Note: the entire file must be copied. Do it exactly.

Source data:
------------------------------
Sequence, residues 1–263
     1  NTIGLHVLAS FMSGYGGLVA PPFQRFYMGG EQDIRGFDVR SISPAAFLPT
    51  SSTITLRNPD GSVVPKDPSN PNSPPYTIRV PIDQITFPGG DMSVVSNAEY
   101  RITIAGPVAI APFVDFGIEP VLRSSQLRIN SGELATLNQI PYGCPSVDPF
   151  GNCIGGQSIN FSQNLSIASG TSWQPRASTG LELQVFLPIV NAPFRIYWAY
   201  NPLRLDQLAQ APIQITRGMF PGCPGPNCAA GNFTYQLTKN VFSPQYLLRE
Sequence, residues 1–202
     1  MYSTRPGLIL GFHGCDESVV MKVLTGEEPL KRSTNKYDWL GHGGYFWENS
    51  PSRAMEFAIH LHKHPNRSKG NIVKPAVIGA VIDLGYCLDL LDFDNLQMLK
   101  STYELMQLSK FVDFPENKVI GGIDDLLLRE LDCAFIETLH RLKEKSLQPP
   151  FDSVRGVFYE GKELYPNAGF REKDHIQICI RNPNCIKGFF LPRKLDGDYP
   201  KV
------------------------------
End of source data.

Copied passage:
Sequence, residues 1–263
     1  NTIGLHVLAS FMSGYGGLVA PPFQRFYMGG EQDIRGFDVR SISPAAFLPT
    51  SSTITLRNPD GSVVPKDPSN PNSPPYTIRV PIDQITFPGG DMSVVSNAEY
   101  RITIAGPVAI APFVDFGIEP VLRSSQLRIN SGELATLNQI PYGCPSVDPF
   151  GNCIGGQSIN FSQNLSIASG TSWQPRASTG LELQVFLPIV NAPFRIYWAY
   201  NPLRLDQLAQ APIQITRGMF PGCPGPNCAA GNFTYQLTKN VFSPQYLLRE
Sequence, residues 1–202
     1  MYSTRPGLIL GFHGCDESVV MKVLTGEEPL KRSTNKYDWL GHGGYFWENS
    51  PSRAMEFAIH LHKHPNRSKG NIVKPAVIGA VIDLGYCLDL LDFDNLQMLK
   101  STYELMQLSK FVDFPENKVI GGIDDLLLRE LDCAFIETLH RLKEKSLQPP
   151  FDSVRGVFYE GKELYPNAGF REKDHIQICI RNPNCIKGFF LPRKLDGDYP
   201  KV